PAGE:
During the mid-2000s, I became intrigued by what seemed to be merely a detail in the wider history of anthropology’s troubled relationship with the postwar human rights project. A document, published in 1947 supposedly under the auspices of the American Anthropological Association, had taken a very critical position on the process of drafting what became the 1948 Universal Declaration of Human Rights. This document, which seemed to be associated with UNESCO, became important much later, during the late-1990s, when pro-human rights scholars mobilized to defend human rights against a range of attacks, from scholars who viewed human rights as a form of postcolonial moral imperialism, to those—mostly authoritarian states—who sought to fend off criticisms of their repressive internal policies.
In order to clarify the origin of the document and its wider history, I conducted archival research at UNESCO in Paris and in archives whose importance was later revealed, including the Julian Huxley archives at Rice University and the Richard McKeon papers in the Special Collections of the University of Chicago Library. What I discovered is that the anthropological document was part of a fascinating global survey undertaken by UNESCO, mostly during 1947, on the underlying principles of human rights.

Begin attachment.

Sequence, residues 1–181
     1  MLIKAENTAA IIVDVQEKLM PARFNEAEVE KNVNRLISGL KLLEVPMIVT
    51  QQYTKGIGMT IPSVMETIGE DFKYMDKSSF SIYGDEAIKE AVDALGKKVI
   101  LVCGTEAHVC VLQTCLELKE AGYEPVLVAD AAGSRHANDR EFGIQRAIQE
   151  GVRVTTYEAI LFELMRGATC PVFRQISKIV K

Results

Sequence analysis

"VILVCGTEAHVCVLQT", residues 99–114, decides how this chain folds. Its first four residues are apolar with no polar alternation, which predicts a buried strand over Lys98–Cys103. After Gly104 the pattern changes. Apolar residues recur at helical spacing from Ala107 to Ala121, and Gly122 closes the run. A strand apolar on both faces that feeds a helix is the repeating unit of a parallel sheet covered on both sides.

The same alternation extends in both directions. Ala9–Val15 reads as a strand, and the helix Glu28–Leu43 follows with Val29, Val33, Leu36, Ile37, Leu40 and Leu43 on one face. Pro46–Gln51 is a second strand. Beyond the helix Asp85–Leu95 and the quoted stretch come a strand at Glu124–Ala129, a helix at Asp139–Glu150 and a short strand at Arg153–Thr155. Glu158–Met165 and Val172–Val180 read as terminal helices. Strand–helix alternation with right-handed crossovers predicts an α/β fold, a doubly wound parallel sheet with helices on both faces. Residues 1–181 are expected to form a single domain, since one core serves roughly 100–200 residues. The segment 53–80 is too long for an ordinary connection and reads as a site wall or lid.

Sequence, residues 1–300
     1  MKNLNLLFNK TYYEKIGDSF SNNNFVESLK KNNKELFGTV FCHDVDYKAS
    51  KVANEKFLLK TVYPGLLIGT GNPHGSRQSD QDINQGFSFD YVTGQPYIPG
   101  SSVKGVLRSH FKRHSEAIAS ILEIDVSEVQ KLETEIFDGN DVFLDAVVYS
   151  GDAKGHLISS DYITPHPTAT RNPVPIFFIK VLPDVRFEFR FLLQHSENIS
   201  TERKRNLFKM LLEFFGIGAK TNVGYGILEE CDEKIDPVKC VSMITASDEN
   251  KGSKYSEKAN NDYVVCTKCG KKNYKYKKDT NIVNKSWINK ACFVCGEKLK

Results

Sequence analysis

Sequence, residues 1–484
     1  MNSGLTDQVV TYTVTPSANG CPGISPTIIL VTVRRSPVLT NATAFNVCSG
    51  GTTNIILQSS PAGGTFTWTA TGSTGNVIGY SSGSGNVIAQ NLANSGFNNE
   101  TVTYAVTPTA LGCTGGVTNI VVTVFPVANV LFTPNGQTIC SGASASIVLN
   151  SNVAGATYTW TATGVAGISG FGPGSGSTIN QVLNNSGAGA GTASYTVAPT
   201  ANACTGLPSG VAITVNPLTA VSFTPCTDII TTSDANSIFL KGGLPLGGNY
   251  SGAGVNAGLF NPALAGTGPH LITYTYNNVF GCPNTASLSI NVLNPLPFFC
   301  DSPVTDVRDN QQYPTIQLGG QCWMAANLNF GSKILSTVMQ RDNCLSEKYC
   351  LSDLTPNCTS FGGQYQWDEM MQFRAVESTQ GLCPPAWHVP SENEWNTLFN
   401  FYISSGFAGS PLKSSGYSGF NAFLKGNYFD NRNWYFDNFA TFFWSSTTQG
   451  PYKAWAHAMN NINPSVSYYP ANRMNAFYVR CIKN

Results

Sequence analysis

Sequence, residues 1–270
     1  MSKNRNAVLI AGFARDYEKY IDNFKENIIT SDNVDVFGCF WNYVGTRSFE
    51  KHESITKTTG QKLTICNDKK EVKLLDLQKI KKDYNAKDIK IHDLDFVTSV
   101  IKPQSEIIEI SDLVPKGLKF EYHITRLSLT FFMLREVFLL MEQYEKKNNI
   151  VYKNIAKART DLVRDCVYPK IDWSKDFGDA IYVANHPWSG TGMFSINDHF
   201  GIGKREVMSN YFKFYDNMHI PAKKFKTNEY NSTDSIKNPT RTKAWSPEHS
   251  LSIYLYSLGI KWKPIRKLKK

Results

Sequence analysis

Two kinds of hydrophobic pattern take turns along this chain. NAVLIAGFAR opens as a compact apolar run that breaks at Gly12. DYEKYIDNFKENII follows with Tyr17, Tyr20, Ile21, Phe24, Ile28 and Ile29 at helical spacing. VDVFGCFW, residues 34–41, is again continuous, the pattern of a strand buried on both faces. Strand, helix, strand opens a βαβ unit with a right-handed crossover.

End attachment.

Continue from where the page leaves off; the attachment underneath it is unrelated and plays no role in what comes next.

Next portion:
The research project uncovered many unknown documents and dimensions to the UNESCO survey, which carry significant implications for both the history and future of human rights. The results of this project were published in several articles and book chapters and in a curated history of the survey, which contains all the known responses received by UNESCO in 1947 and 1948.